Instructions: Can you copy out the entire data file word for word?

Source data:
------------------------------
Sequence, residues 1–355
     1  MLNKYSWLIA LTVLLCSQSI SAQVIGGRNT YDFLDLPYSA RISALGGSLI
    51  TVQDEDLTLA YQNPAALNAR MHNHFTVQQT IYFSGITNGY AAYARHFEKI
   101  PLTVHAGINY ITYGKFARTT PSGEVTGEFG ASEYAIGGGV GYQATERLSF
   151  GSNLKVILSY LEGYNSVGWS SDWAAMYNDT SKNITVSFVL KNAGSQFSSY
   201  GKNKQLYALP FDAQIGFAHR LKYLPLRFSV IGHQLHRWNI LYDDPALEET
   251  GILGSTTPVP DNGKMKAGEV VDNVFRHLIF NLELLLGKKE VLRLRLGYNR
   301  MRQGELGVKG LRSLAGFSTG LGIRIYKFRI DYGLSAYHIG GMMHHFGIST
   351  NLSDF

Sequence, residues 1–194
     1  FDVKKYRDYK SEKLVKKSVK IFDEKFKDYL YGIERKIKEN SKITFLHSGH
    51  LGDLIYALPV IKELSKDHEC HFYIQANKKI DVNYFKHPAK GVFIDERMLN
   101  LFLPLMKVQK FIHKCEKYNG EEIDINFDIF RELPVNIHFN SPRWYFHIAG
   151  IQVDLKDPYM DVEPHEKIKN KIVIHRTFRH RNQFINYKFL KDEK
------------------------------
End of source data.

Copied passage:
Sequence, residues 1–355
     1  MLNKYSWLIA LTVLLCSQSI SAQVIGGRNT YDFLDLPYSA RISALGGSLI
    51  TVQDEDLTLA YQNPAALNAR MHNHFTVQQT IYFSGITNGY AAYARHFEKI
   101  PLTVHAGINY ITYGKFARTT PSGEVTGEFG ASEYAIGGGV GYQATERLSF
   151  GSNLKVILSY LEGYNSVGWS SDWAAMYNDT SKNITVSFVL KNAGSQFSSY
   201  GKNKQLYALP FDAQIGFAHR LKYLPLRFSV IGHQLHRWNI LYDDPALEET
   251  GILGSTTPVP DNGKMKAGEV VDNVFRHLIF NLELLLGKKE VLRLRLGYNR
   301  MRQGELGVKG LRSLAGFSTG LGIRIYKFRI DYGLSAYHIG GMMHHFGIST
   351  NLSDF

Sequence, residues 1–194
     1  FDVKKYRDYK SEKLVKKSVK IFDEKFKDYL YGIERKIKEN SKITFLHSGH
    51  LGDLIYALPV IKELSKDHEC HFYIQANKKI DVNYFKHPAK GVFIDERMLN
   101  LFLPLMKVQK FIHKCEKYNG EEIDINFDIF RELPVNIHFN SPRWYFHIAG
   151  IQVDLKDPYM DVEPHEKIKN KIVIHRTFRH RNQFINYKFL KDEK